West Coast – Canterbury alpine passes – open/closed clarification

4 MinutesBy NZ Trucking magazineJune 4, 2020

The NZ Transport Agency last week advised it had updated its winter highway management around the South Island. This included a change to the management of SH73 Porters and Arthur‘s Passes for this winter. The two passes form a key route linking Canterbury and the West Coast and the communities along the way. 

“The NZTA continuously reviews all its highway maintenance processes and this proposed change is no exception” says NZTA system manager Pete Connors. “We are bringing these alpine passes into line with the open/closed management regime used on SH7 Lewis Pass and Rahu Saddle near Reefton.

“Given the success we have had managing the Lewis Pass using this approach, in place since 2017, we wanted to extend the same system to the Arthur‘s and Porters Passes for everyone‘s benefit,” he says. “It is simpler and safer for both road crews and road users in terms of fewer delays and fewer diversions caused by drivers getting stuck in snow drifts or sliding on ice.

“The delays for road users on the Lewis Pass have been of shorter duration using the open/closed system, with road crews able to focus on clearing and treating ice and snow to provide safe driving conditions, instead of using this time responding to vehicles that have become stuck when using chains. This also provides a safer environment for road crews to work in as they aren‘t in the ‘live lane‘ in these treacherous conditions.”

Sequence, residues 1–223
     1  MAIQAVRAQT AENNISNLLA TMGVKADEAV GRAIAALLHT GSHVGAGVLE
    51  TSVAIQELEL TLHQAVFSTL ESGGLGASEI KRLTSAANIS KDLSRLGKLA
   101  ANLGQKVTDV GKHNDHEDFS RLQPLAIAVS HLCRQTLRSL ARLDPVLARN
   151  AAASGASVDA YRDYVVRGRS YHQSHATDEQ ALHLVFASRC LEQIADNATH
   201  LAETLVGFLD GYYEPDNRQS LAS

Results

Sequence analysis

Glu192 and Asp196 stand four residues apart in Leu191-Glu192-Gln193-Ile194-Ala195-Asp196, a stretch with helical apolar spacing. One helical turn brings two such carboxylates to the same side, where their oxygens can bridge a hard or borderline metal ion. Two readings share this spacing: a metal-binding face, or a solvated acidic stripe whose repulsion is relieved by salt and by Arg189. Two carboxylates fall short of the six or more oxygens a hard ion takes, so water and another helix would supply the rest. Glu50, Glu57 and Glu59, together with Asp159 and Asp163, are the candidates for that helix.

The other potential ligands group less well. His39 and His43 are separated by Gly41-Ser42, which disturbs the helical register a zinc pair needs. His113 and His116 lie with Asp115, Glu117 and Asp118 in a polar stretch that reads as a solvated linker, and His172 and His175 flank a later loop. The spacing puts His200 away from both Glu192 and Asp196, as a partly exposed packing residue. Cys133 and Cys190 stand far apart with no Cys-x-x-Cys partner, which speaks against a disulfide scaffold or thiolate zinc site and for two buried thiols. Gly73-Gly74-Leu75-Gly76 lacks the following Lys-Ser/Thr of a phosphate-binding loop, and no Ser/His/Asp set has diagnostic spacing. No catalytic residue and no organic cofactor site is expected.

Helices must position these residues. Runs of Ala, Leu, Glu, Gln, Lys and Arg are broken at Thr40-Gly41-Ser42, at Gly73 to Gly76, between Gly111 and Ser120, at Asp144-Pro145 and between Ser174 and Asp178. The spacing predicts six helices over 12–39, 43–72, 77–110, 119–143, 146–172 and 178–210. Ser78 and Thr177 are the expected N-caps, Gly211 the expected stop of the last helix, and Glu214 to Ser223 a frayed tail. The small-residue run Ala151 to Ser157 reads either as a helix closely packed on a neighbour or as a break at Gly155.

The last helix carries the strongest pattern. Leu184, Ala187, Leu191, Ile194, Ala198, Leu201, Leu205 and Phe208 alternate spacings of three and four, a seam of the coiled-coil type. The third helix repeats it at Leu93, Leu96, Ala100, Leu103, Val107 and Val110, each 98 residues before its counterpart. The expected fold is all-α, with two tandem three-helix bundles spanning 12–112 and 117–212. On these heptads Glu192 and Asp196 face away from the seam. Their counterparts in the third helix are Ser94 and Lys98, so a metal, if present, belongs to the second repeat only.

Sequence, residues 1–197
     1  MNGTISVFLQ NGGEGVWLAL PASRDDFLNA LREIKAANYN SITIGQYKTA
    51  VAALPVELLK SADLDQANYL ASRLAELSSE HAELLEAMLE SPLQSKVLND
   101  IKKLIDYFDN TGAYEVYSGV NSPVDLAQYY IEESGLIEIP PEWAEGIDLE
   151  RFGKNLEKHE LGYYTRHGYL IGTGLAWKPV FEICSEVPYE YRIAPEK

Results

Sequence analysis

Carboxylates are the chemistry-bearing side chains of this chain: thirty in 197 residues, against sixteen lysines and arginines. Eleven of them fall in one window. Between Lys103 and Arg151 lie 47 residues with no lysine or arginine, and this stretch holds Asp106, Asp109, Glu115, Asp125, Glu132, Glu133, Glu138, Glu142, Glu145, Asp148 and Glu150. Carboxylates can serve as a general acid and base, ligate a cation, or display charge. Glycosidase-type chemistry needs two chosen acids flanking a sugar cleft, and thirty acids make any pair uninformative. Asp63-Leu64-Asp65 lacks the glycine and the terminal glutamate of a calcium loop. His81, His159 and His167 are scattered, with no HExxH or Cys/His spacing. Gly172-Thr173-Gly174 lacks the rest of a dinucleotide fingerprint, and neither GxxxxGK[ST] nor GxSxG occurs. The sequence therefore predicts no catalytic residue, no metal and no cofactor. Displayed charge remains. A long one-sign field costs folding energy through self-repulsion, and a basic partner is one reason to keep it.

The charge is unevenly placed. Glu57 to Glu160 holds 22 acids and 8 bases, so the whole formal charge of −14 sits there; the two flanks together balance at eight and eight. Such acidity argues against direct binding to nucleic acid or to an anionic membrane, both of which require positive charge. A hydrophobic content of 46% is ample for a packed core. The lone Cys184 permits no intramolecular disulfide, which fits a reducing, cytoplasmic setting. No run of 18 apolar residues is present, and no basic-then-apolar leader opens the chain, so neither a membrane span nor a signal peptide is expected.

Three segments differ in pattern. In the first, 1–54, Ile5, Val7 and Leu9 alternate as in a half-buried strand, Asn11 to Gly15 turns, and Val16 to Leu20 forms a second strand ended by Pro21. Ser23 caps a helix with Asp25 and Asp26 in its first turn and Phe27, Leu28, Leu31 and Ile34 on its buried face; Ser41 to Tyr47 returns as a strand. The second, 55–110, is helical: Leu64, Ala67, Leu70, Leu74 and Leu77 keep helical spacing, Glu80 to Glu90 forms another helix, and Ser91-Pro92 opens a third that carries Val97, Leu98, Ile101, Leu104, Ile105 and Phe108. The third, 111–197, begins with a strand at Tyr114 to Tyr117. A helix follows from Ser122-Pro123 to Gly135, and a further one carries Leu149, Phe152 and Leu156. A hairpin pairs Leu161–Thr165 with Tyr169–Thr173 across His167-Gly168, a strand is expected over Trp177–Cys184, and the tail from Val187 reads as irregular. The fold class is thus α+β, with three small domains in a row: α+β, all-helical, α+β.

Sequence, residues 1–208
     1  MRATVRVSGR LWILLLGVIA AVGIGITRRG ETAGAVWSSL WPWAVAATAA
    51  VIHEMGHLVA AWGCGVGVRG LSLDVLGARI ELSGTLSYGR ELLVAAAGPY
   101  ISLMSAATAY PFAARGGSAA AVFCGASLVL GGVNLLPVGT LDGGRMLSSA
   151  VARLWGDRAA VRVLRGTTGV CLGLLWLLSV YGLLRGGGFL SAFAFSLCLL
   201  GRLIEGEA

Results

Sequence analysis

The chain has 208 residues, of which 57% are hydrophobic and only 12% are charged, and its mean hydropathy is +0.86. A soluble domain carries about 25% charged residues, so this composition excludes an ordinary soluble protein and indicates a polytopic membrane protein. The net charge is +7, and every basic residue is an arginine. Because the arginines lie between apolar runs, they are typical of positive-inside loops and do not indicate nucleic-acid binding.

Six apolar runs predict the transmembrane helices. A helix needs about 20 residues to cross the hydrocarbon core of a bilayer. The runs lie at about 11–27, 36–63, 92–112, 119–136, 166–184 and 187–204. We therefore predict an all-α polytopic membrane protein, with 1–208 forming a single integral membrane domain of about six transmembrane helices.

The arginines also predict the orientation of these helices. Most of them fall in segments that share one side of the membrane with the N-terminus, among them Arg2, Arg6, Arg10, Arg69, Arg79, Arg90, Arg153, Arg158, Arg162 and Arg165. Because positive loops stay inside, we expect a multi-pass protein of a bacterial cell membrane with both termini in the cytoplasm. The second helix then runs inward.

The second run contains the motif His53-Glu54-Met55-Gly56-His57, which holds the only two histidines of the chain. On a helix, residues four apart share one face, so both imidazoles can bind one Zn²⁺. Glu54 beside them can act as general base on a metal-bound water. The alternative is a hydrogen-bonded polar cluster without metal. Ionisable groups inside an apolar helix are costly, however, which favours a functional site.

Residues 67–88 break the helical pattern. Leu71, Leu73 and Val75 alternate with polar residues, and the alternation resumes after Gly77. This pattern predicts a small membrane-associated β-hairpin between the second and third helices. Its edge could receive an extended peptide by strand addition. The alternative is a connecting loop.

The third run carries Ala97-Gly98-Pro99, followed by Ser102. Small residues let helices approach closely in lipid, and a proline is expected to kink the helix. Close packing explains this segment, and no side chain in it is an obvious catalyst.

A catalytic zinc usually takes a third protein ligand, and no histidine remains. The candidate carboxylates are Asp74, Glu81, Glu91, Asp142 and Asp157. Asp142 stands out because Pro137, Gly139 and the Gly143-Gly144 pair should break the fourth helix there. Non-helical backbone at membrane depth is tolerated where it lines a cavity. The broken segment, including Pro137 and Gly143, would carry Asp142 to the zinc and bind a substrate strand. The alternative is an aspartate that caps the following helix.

Connors says staffing levels remain the same for the highway maintenance crews working on the passes and the NZTA will still have 24-hour road patrols in place when snow and ice is forecast. 

“We do not want West Coasters, or people who live on SH73, to think that we are reducing their access as that is definitely not the aim. A safe journey is important and making the trip safer for both road users and road crews is one of the aims of the simpler system.

“While we acknowledge that this change may seem significant, in reality the road crews always exercise discretion in terms of safety and people may not notice any change on these alpine passes.

“We will continue to work with emergency services in adverse conditions to ensure their vehicles can get through,” he says.

“We will continue to review the impact of these changes on the reliability of SH73, and should we find either the route availability is being unnecessarily affected and/or conditions mean that access is only available over a sustained length of time with chains, the NZTA will reconsider the use of chains. People also need to be aware that if there is a significant snow dump, chains will not help, and our road crews will be ploughing a safe route.”

Driving through snow at Arthur’s Pass (8 Sept 2016).

Snowy road through Arthur’s Pass (8 Sept 2016).

Chains still needed as backup

Connors emphasised that the NZTA encourages people using alpine passes to continue to carry chains in their vehicles as they pass through these high altitudes.

“If people are caught out unexpectedly in a snowstorm, chains and good supplies in your car are essential safety backups.”

People travelling to Christchurch in winter are also encouraged to plan their journeys accordingly, always factoring in the weather forecast to ensure they are able to reach appointments safely and travelling the day prior if they are able to do so.